Churn reduction is one of the most common ways to make it happen. Churn is loosely defined as the percentage of users that leave a telco each month. Any ability to drive these churn percentages down improves a telco’s bottom line, so the concept of churn reduction itself is certainly nothing new to telcos.
Nevertheless, the ability to use real-time data as a potential resource for managing churn reduction is still a relatively new concept. Machine-learning-based churn models can now predict a potential churn customer with 65% to 85% accuracy. Yet, typically only 5% to 15% of these high-risk customers are likely to accept the telco’s retention offer—leaving millions of dollars on the table. So, why the discrepancy?
The Problem with Yesterday’s News
Technology is now available to help telcos identify and turn high-risk users into satisfied customers. As long as churn-reduction campaigns still rely on after-the-fact data, however, retention-success rates are likely to remain disappointingly low.
In most scenarios today, churn-reduction models depend on call centre logs, online interactions, complaints, and other historical data to identify and target customers to understand the drivers of potential churn.
By working with historical data events, however, at-risk customers have already had a bad experience. Once a customer is overtly dissatisfied, it’s far more challenging to resolve a problem than being spotted and addressed beforehand.
And it definitely can be.
Most customer-experience problems that result in churn are caused by three distinct issues: dropouts, connection, and speed. This data can be incredibly difficult to source because it typically resides deep within the network infrastructure and the customer-premise equipment.
Moreover, the size and velocity of this data are often prohibitive for traditional IT architectures to ingest in a timeframe that is useful for proactive churn-prediction models. Truly proactive models not only need to process such predictive data seamlessly, but also provide churn-probability scores in real-time.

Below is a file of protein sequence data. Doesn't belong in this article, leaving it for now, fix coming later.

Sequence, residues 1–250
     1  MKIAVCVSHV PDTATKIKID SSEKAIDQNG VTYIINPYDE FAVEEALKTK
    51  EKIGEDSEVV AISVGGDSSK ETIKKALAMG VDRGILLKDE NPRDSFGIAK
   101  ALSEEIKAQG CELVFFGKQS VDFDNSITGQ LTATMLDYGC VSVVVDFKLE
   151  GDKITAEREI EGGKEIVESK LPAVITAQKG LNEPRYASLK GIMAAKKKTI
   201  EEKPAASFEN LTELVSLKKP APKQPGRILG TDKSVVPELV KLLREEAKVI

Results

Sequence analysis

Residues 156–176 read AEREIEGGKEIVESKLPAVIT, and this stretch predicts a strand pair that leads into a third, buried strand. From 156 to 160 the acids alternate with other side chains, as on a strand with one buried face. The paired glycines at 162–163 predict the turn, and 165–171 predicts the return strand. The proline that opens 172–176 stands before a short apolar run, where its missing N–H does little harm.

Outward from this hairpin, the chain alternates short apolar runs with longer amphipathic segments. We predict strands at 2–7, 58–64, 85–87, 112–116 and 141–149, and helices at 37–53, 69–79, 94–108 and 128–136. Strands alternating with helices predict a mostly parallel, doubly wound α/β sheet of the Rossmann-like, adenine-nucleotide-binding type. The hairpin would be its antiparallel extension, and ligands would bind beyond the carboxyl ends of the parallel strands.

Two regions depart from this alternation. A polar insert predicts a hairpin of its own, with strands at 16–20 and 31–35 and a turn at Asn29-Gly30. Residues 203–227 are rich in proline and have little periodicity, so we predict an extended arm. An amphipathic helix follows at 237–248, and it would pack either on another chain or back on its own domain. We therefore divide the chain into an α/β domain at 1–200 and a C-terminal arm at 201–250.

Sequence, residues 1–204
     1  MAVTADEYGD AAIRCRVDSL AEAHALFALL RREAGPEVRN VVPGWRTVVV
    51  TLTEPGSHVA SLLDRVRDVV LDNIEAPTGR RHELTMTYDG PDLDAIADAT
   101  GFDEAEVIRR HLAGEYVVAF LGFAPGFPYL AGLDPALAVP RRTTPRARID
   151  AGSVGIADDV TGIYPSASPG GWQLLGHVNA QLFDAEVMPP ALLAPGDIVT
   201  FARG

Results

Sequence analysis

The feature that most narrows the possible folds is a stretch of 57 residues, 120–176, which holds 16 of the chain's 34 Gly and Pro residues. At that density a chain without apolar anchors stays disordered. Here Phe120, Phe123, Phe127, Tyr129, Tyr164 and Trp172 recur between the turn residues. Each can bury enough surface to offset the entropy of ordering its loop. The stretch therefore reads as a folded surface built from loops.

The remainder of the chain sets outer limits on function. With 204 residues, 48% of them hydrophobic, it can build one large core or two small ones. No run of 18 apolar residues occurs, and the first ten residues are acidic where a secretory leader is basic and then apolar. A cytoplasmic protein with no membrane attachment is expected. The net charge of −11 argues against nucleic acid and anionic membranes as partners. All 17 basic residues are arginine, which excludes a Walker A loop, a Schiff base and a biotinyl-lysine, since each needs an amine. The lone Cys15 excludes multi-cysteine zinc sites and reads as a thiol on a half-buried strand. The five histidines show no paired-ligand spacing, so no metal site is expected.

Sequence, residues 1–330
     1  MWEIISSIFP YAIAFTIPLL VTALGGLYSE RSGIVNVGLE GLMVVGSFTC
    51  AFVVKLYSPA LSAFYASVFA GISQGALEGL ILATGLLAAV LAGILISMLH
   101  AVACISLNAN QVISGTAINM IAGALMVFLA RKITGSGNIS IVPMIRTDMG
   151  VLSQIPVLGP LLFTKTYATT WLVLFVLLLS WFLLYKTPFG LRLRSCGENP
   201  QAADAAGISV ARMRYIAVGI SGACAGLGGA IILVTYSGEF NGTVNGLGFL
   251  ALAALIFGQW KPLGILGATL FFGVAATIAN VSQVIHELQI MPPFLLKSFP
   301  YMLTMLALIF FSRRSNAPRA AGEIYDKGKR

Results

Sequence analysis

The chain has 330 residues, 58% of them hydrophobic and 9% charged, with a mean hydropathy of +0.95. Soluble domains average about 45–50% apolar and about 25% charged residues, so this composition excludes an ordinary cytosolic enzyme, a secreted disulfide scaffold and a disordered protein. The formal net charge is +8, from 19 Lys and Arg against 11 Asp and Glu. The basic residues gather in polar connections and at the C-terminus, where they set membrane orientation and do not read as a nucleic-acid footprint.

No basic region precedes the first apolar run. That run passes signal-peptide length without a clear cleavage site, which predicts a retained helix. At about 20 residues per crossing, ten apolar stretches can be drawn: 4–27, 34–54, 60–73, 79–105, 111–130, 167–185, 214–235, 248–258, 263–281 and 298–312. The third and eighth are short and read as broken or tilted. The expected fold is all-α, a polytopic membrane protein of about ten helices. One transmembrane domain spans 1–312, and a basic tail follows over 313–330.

Performance-based data collected from deep within the network and the CPE is exactly what is needed to inform and improve the overall customer experience.
The Main Event
Event-driven platforms capable of ingesting millions of messages per second are up to the task of extracting relevant events from network logs, customer devices, and other legacy systems. These platforms use the same technologies that giant tech firms, like Facebook, LinkedIn and Uber, rely on to manage the billions of ongoing messages between their users and applications.
Rather than focusing on what an individual customer has done in the past, telcos can use an event-driven model to monitor and measure how likely customers feel about their ongoing, day-to-day experiences. Answers to event-based questions that impact the likelihood of churn include:
- Are customers getting the upload and download speeds they expect?
- Are they experiencing dropouts?
- Has the line connecting their service deteriorated?
- Are customers overloading their network with too many connections?
- Is the modem routinely rebooting or resynching?
- Are there correlations between dropouts and a vendor firmware upgrade?
The questions can go on, but the common denominator with an event-driven model can answer them all, respond to them proactively, and improve the customer’s experience before, not after, a bad impression is made.
Telcos can’t do anything about involuntary churn events, such as customer relocations, deaths, and other non-manageable occurrences. Roughly 25% to 40% of all telco churn comes from these types of involuntary causes. The majority of churn-related causes, however, are both predictable and correctable. With an event-driven approach, telcos can improve their customer experience in real-time—and add millions to their bottom line—even in a saturated market.